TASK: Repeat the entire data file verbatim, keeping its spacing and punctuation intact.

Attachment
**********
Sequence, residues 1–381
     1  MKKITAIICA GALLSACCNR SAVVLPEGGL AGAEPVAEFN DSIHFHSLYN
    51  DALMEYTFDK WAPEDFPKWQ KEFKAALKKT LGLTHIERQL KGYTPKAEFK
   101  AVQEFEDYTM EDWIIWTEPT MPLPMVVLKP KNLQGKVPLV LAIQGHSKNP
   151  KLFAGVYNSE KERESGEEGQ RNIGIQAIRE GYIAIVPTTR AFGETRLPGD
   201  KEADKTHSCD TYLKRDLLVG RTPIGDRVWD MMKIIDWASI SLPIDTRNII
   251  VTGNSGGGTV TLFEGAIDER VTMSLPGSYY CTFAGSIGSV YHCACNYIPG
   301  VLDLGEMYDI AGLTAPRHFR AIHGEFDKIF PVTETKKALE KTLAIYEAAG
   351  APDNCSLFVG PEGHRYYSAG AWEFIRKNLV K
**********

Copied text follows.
Sequence, residues 1–381
     1  MKKITAIICA GALLSACCNR SAVVLPEGGL AGAEPVAEFN DSIHFHSLYN
    51  DALMEYTFDK WAPEDFPKWQ KEFKAALKKT LGLTHIERQL KGYTPKAEFK
   101  AVQEFEDYTM EDWIIWTEPT MPLPMVVLKP KNLQGKVPLV LAIQGHSKNP
   151  KLFAGVYNSE KERESGEEGQ RNIGIQAIRE GYIAIVPTTR AFGETRLPGD
   201  KEADKTHSCD TYLKRDLLVG RTPIGDRVWD MMKIIDWASI SLPIDTRNII
   251  VTGNSGGGTV TLFEGAIDER VTMSLPGSYY CTFAGSIGSV YHCACNYIPG
   301  VLDLGEMYDI AGLTAPRHFR AIHGEFDKIF PVTETKKALE KTLAIYEAAG
   351  APDNCSLFVG PEGHRYYSAG AWEFIRKNLV K